Try it for yourself

Try this out for yourself. Follow the instructions below.

1. Create a folder to hold your project.
2. Create a new text file and save it into your folder with the name main.lua.
```local physics = require("physics")
physics.setDrawMode( "debug" )
physics.start()```

Here I imported the physics library and set some options. I set the draw mode to debug. This will display simple shapes for your physics objects. Second I started the physics engine running.

Now add a shape. Add a small image to your folder to use a physics object. Make this a square or a circle about 20px in diameter.

```local ball = display.newImage("ball.png")
ball.x = 160
ball.y = 30

Here you imported your image and made a display object from it, with the name “ball”. Then positioned the ball at the top center of the screen. Then you created a physics “body” from your display object. This is a “dynamic” object so it will move around. I added the “radius” property and set the value to the radius of the ball image. Since my ball was 20px I used 10 as the radius. Adding radius makes the “body” circular.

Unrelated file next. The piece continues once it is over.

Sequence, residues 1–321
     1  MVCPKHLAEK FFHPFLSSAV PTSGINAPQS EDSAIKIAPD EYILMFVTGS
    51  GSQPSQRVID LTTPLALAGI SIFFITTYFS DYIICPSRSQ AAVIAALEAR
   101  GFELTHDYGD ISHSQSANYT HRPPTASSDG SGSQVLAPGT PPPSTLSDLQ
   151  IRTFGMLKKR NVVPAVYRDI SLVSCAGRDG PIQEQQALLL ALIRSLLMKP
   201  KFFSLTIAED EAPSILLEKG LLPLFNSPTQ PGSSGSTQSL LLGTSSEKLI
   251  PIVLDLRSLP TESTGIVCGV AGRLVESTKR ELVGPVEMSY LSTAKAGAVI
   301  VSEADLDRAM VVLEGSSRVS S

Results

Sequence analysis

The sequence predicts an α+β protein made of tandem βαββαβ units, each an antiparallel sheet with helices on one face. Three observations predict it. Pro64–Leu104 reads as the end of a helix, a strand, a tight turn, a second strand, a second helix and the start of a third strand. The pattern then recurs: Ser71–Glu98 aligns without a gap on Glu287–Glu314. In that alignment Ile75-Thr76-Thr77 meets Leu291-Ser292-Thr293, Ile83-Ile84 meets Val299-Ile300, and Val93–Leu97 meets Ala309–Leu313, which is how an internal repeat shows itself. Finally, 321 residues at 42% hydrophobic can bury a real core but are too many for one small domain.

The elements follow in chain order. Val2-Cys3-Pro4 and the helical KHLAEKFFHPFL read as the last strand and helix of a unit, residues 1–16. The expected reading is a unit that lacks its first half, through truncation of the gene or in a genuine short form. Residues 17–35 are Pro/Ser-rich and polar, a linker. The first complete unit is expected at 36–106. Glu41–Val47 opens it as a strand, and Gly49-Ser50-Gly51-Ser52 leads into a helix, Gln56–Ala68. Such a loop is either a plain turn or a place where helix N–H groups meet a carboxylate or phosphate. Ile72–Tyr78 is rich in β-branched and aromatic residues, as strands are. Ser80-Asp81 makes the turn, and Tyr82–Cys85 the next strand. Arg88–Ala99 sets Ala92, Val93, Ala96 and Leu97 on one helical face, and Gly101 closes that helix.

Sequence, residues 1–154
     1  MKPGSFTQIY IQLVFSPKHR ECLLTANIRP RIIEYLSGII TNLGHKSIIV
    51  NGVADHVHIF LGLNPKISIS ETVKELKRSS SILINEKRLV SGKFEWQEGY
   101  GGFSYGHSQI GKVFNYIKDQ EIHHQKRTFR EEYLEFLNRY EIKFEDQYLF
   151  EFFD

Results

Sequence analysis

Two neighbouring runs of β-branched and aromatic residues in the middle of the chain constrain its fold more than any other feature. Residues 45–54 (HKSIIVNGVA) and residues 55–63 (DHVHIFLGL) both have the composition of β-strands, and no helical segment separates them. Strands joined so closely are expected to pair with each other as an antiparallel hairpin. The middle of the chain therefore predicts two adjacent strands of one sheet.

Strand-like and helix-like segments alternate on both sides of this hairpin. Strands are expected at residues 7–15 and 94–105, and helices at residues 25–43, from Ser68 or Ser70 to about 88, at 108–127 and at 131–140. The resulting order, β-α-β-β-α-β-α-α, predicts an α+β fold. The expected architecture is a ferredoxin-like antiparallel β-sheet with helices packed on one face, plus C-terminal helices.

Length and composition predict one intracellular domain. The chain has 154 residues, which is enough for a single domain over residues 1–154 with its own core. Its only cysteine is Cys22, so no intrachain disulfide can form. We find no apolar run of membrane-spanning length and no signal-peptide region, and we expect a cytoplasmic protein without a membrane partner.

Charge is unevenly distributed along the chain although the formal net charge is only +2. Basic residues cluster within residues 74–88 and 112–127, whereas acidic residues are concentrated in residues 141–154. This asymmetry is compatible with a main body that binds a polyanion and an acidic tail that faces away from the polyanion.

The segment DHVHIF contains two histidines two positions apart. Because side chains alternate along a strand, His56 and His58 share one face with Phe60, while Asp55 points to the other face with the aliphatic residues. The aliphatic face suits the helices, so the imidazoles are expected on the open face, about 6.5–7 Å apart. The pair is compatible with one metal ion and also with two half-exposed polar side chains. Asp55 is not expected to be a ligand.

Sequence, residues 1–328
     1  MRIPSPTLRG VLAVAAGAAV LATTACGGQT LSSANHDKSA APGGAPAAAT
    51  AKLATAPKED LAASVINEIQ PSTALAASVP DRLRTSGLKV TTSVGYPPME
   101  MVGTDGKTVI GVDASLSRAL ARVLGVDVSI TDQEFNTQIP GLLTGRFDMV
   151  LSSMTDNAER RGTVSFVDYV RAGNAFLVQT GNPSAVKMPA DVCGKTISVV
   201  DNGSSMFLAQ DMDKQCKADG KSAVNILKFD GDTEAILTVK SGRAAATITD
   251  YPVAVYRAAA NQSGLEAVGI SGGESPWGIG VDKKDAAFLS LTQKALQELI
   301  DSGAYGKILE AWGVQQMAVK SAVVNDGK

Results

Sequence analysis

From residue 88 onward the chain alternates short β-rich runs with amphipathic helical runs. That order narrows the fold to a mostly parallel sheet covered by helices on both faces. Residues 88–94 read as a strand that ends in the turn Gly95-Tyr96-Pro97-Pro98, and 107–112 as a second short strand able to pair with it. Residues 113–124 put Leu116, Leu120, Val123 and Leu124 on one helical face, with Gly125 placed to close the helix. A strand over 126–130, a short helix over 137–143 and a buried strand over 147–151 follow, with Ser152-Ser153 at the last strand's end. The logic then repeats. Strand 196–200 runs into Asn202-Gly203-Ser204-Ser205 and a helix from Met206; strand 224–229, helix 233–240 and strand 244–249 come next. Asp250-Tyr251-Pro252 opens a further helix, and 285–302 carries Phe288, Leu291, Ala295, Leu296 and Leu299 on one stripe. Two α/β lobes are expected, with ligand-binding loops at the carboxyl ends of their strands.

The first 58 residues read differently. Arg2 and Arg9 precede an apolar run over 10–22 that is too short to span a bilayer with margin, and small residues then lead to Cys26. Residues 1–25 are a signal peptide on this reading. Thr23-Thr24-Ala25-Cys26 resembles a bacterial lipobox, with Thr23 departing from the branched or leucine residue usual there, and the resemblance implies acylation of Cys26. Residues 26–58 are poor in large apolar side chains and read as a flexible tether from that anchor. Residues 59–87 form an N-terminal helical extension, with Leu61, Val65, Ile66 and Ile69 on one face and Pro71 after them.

Test your project. At this point the ball should fall down the screen as if it were pulled by the force of gravity. The same thing would happen if you dropped a real ball. Of course a real ball would not fall forever it would hit the ground at some point.

Make a static body

Next we’ll create a ground plane.

```local floor = display.newRect(0, 0, 320, 10)
floor.x = 160
floor.y = 475
floor:setFillColor( 255, 0, 0 )
physics.addBody( floor, "static", {density=1.0, friction=0.3 } )```

Rather than using an image this time I created a rectangle shape object, 320px wide and 10px tall. The new shape is named “floor”.  Next we positioned the floor at the bottom center of the screen. Then give it a fill color of red. Last we create a new “body” from the floor shape. Here the type is “static”. Static shapes don’t move.

Test your project again. This time the ball falls and bounces off the ground. Change the bounce value assigned to the ball body, notice the change.

Gravity

Change the gravity in your physics world with physics.setGravity(x,y). Gravity is a constant force that pulls object in one direction. Add the following to your main.lua.

`physics.setGravity(0,0)`